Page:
“Our whole focus is to make sure as we do our Hispanic marketing that it's real, it’s pure, it’s authentic,” Mr. Diaz said. “And the Hispanic consumer knows that we want to continue developing a relationship with them in an authentic way, not in a way that is offensive or not make somebody feel like we’re just marketing to you because we want your money.”

For example, Nissan was one of the first auto manufacturers to produce commercials specific to the Hispanic market rather than doing just Spanish voiceovers. “I think companies and corporations over the years have realized that you can’t do that,” he said.

And unless that relationship with the Hispanics is authentic, companies will have a difficult time reaching that demographic.

“It’s a segment you can't ignore,” he said. “Politically, economically, in the business world, they are fast becoming an extremely influential part of how America operates and what keeps America rolling.”


Top Models

As Mr. Diaz noted, Nissan has had great success marketing to the Hispanic population, especially on the West Coast. Excluding nonluxury vehicles, Nissan owns 11.5 percent of the Hispanic automotive market, Mr. Diaz said. While Toyota and Honda are ahead of Nissan, Nissan has been making up ground.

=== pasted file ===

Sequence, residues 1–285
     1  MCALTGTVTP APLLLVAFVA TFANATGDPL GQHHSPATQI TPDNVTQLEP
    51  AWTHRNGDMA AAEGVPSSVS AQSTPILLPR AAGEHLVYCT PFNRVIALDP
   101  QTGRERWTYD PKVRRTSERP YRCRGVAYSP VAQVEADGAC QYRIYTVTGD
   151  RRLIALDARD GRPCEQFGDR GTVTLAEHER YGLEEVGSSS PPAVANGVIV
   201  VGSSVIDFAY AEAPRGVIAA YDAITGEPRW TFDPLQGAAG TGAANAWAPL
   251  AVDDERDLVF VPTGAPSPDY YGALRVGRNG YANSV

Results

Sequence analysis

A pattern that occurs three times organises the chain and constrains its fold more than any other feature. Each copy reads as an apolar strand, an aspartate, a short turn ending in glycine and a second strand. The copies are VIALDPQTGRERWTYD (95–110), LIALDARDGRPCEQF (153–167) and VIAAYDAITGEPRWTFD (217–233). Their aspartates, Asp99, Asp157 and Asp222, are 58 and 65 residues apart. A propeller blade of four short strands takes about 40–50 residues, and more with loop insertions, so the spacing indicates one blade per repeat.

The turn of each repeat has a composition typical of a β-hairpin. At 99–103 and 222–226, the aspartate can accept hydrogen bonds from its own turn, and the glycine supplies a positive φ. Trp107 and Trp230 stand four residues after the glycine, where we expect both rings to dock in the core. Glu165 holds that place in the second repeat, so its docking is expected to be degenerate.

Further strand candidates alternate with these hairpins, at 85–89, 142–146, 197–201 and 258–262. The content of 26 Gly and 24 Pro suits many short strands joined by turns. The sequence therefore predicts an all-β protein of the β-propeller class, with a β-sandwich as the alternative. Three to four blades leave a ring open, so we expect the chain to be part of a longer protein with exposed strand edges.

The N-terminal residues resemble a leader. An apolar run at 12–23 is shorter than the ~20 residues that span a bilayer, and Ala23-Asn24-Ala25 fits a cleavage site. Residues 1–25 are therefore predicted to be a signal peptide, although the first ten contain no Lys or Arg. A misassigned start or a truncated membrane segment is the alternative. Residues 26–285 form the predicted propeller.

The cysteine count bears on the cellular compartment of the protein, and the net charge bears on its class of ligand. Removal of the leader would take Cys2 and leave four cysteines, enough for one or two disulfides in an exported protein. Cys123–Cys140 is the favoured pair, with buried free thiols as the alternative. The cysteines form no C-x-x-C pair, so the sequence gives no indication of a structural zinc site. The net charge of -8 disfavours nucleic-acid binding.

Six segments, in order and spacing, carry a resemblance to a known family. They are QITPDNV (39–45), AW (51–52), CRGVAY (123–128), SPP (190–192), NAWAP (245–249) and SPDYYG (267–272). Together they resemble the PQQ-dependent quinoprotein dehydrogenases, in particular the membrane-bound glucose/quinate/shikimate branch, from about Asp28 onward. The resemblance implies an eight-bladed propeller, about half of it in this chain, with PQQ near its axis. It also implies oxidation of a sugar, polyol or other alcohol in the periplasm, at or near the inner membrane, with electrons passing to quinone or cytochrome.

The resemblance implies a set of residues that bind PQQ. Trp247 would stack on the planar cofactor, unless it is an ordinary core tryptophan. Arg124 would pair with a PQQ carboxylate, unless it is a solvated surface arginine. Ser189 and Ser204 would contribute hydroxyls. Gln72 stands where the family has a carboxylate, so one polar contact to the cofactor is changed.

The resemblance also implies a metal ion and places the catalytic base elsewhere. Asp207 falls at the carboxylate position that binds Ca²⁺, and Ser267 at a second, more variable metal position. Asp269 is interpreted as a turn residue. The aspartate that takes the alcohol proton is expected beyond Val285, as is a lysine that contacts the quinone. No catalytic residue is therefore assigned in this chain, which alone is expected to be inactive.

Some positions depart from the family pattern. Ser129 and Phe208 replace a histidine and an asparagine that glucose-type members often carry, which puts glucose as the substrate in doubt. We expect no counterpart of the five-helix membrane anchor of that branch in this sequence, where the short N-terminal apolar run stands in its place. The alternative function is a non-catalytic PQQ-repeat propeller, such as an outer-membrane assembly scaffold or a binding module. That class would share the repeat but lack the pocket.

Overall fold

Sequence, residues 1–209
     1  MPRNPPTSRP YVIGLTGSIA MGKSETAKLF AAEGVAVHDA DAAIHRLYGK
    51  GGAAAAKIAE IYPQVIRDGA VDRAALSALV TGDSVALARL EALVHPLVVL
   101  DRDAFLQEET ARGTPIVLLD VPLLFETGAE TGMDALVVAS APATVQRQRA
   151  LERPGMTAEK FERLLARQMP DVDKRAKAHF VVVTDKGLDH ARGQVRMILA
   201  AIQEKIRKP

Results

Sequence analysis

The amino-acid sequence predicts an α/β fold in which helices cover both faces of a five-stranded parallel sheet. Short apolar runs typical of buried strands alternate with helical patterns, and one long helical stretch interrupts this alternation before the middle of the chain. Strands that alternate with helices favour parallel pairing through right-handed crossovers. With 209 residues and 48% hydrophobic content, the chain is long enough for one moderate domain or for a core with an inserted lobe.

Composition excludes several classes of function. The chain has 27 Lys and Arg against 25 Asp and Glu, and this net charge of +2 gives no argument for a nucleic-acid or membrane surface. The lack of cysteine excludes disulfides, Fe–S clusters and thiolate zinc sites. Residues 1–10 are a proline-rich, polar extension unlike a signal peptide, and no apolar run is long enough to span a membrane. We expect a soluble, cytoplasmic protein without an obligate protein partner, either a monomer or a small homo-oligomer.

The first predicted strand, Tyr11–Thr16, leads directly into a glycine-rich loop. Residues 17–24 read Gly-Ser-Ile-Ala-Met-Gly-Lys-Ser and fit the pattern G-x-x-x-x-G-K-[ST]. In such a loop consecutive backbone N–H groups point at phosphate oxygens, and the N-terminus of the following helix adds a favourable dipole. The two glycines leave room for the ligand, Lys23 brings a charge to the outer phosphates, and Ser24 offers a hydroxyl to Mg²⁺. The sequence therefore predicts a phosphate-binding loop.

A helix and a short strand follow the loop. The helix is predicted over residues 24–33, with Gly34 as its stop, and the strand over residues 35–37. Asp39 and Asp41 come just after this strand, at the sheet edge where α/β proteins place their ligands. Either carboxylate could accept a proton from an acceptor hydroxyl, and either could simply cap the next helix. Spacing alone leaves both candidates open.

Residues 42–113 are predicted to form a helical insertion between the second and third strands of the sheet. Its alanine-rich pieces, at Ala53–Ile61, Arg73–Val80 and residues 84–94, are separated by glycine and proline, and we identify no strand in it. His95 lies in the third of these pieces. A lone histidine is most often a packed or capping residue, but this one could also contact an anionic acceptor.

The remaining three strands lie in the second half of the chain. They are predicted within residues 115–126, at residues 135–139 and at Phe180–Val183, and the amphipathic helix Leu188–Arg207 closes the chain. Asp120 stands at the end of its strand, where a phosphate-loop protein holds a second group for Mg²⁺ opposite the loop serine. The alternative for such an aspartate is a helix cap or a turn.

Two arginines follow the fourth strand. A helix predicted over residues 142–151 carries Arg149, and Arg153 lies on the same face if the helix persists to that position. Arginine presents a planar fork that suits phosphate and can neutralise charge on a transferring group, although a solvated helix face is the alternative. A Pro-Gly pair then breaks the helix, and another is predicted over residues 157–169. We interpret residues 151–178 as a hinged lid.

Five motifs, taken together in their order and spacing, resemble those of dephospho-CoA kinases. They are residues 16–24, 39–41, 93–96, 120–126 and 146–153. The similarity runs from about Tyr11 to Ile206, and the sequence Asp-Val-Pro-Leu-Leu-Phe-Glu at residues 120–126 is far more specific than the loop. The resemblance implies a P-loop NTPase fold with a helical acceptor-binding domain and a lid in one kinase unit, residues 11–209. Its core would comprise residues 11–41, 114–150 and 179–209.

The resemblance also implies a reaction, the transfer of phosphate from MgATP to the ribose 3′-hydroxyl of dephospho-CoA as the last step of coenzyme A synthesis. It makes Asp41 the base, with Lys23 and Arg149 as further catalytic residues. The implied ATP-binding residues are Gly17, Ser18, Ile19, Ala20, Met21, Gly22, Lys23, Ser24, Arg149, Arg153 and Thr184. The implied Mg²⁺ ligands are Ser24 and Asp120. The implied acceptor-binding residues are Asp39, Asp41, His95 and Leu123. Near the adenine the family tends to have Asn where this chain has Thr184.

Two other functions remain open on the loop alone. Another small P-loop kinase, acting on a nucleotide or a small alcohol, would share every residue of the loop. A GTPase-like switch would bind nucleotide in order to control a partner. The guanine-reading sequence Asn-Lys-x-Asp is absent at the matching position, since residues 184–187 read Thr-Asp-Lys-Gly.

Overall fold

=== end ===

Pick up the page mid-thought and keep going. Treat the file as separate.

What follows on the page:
According to Polk, an automotive information and marketing company, Nissan has increased its Hispanic market share by 0.38 percent from 2012. Although on the surface the increase may appear to be minimal, many analysts have upgraded the company’s stock to a strong buy.

The company's top-selling models to Hispanics are Sentra, Altima, Versa and Rogue. In the overall Hispanic vehicle market, Nissan has three of the top 10 models (Altima, Sentra and Versa), according to Polk.

Nissan Sentra The 2013 Nissan Sentra ranked No. 6 among the top 10
cars for U.S. Hispanics.

Mr. Diaz expects Nissan to keep making those inroads, especially with Nissan CEO Ghosn’s push to increase market share. “He’s got a goal, he’s very clear where we’re going and what his expectations are,” Mr. Diaz said.


Cultural Differences

Moving from an American auto manufacturer to a Japanese car builder has been an easy transition for Mr. Diaz. While he says there are slight cultural differences on how the Japanese manufacturer operates and arrives at decisions, he has nothing but praise for his new employer.

“What I will tell you is I have really enjoyed the Japanese culture and how they do things,” he said. “They are very buttoned up, very detail-oriented and very respectful of common human dignity.”

Mr. Diaz has also come to realize that Nissan is truly a 24-hour operation. When nightfall arrives in the U.S., corporate headquarters in Yokohama, Japan, is just starting its day.

“We get emails throughout the night as well as throughout the day and that’s been interesting,” he said. “That’s what keeps the company going at such as progressive, fast pace.”

Top executives in the auto industry are known for putting in grueling hours, and Mr. Diaz is no different. Three or four hours of sleep a night is the norm for Mr. Diaz, who goes to bed when most bars close for the night. He keeps his cell phone ringer on and will routinely respond to emails even after going to sleep.

“The hours are very long and very intense during the weekdays,” Mr. Diaz said. “During the weekends you don't shut down. You are always a phone call or email away. In this business, you have to be readily available.”